Mary Wept Over the Feet of Jesus – An exploration of prostitution as found in the Christian bible


#1

[Read the post]


#2

It’s not too much of a stretch to say Jesus was put to death for hanging around with prostitutes.


#3

Jack Chick…Jack Chick…Jack Chick.

There, I said it.


#4

I only glanced momentarily at the cartoon drawn boobs.


#5

Is that like invoking Beetlejuice?


#6

Mary, may have been … at least pregnant with a baby that wasn’t Joseph’s.

Well… pretty much everyone agrees on that one, no? (If you ignore the whole alma/parthenos mistranslation shenanigans and prophetical retcons, I mean.)


#9

I always found the “Judah and Tamar” story fascinating.

Here’s one of the central protagonists of the Book of Genesis and the person from whom “Judaism” takes its name, and he plays the “It was totally innocent! I thought she was a hooker!” card.


#10

Sort of, Sunni Muslims don’t have a priestly caste and there is no absolute hierarchy to clerics. An itinerant cleric of sufficient following can theoretically get away with a lot before they come for him. Even the Shiite cleric that the KSA executed recently was mainly executed for being a political, rather than religious, nuisance- and by all accounts he was a nuisance to the royals for a while. The current (supposedly more moderate) president of Iran is part of the cleric caste, but part of his rise to power was in part allowed because of massive protests against Ahmedinejad. Doesn’t make any of it right, obviously, and the KSA is a horrible place for people with grand new ideas for society. I just like feel a compulsion to throw in my two cents whenever people talk about the ME or Islam because there’s so little nuance in English language non-academic discussions of the region.

Too often, Saudi Arabia or Iran are described as a barren hellscapes of religious dogma in much the same way black slaves are too often described as consigned to the fate of miserable chattel. These both have the same problems: In the former it allows us to believe that there is no one within the KSA or Iran who is working towards making it a better place, and in the latter case it creates the illusion that slaves in the south didn’t undertake various forms of resistance and work within their constraints to make their own lives better. It’s important to acknowledge that people have agency, and not pretend these countries aren’t undergoing any kind of change. Especially when the whole region is.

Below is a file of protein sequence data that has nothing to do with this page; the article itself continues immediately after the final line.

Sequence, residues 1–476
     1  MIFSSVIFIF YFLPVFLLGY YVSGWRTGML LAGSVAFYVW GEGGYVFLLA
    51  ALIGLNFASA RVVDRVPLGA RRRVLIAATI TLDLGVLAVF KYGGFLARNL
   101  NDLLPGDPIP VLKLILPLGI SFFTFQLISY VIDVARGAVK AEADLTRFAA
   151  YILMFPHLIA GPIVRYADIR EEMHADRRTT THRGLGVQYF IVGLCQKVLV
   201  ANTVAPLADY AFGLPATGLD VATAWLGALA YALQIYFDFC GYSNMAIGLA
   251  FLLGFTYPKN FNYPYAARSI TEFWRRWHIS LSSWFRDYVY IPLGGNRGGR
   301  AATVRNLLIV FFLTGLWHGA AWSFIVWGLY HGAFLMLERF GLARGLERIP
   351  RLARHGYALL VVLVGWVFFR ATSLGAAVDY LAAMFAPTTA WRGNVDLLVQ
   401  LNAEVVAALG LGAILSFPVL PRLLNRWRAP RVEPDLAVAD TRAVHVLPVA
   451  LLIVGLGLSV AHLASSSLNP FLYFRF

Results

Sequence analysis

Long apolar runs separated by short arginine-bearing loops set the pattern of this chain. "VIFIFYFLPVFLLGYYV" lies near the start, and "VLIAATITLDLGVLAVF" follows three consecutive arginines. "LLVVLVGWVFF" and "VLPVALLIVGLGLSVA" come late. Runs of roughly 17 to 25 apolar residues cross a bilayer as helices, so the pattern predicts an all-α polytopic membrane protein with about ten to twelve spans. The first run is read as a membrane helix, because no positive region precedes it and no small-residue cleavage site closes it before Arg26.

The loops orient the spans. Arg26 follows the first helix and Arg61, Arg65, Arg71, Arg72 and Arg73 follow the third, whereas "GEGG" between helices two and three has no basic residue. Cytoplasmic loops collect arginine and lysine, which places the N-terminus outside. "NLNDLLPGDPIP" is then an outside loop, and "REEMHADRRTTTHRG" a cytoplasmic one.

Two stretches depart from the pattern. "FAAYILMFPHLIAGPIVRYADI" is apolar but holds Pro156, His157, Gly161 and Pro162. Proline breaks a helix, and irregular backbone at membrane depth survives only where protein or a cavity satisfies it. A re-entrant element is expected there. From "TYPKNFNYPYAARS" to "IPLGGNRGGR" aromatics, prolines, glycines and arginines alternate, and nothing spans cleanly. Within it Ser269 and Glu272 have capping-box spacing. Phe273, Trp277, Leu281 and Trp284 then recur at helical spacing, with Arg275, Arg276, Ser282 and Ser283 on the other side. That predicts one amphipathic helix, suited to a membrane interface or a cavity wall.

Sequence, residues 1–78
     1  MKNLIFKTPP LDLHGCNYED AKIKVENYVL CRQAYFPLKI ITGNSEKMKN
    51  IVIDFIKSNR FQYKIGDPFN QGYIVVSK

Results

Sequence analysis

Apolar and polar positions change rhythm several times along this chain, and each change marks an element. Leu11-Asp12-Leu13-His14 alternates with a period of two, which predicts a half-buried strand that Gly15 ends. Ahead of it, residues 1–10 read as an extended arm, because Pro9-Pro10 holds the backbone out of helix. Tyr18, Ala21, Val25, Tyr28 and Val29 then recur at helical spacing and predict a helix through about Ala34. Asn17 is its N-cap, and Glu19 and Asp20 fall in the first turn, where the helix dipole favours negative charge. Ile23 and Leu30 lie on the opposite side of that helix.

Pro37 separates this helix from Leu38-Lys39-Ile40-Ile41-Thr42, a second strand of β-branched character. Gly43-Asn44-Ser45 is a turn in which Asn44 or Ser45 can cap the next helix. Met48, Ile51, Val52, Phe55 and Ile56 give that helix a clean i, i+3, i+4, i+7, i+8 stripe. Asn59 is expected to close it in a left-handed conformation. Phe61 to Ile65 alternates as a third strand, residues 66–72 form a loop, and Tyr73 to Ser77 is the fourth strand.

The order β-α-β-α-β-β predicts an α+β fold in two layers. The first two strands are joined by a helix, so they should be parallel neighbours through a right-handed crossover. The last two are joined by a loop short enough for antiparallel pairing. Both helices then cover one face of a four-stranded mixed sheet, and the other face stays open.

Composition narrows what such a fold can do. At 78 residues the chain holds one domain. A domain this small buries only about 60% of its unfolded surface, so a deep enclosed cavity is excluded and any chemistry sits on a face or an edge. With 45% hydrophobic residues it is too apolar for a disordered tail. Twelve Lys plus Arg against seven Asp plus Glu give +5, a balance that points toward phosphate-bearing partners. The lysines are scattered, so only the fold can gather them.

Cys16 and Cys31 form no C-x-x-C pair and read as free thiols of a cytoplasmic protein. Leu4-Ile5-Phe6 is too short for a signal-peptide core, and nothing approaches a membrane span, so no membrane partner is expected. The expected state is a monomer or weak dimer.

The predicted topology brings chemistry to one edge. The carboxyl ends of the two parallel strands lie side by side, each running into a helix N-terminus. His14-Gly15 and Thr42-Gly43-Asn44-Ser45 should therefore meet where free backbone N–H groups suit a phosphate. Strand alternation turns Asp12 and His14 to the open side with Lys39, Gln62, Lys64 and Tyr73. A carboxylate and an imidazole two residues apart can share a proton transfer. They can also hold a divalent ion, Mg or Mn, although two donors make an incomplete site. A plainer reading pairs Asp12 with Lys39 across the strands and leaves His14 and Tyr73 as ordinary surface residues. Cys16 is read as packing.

#11

I think this is so important to understand and acknowledge. It’s not an entirely apt comparision, but looking back on the era of European history from the late 15th to the late 18th century (up to the three revolutions) illustrates the point. We can now understand that all sorts of changes were happening during that time, driven by both local events, continental politics, changing social mores, religious conflict, and by outside forces (the Ottoman Empire’s expansion comes to mind). But at the time, I think people just saw the pieces, and as such had a hard time putting together a coherent narrative about what’s actually happening and why. Same here. There are any number of local, regional, and global actors driving what’s happening on the macro and micro level in the Mid East. To imagine that the people there aren’t somehow part of it, but are only being acted upon by outside white people, is to miss the reality there.


#12

The 2016 Arab youth Survey is interesting.

Samples:

25% of those surveyed think the US is their country’s biggest ally.
90% of those polled in Saudi Arabia think their leaders should do more to improve the personal freedom and human rights of women.


#13

A bit too “just so”. The ism comes from the name of the people which in turn comes from the name of the kingdom/province of Judea. In some languages the people (Jews) are still called the people of Judea. In Japanese we are ユダヤ人.


#14

In a block of otherwise favorable adjectives, “ponderous” seems off as it usually implies that the thing it’s describing is boring rather than thought-provoking


#15

I don’t see that at all. There are frequent reports of e.g. Saudi women’s driving protests or of filmmakers put under house arrest in Iran. I think you were creating a straw man there.
However, I repeat my point slightly differently; how long would Jesus have lasted if he had, without the backing of a powerful faction in either country, made a public attack on either the supreme ayatollah in Iran or the Saudi Royal Family in Saudi? The status of the Scribes and Pharisees in the relevant period was that of a theocratic government under the Romans.


#16

When you look at the other comics Chester Brown has made (“Paying For It” and his adaptations of the Gospels), a comic about prostitution in the Bible does seem like the next logical step.


#17

I was under the impression that the kingdom of Judea was named after the tribe of Judah, no?


#18

The kingdom is named after the place which is named after the tribe assigned to the place. In turn the tribe is indeed named after the forefather of the tribe so by a very very long stretch you were kinda right in a way…


#19

OK, in that case I amend my earlier statement to “…the person from whom ‘Judaism’ indirectly takes its name.”

Pretty important historical figure at any rate.


#20

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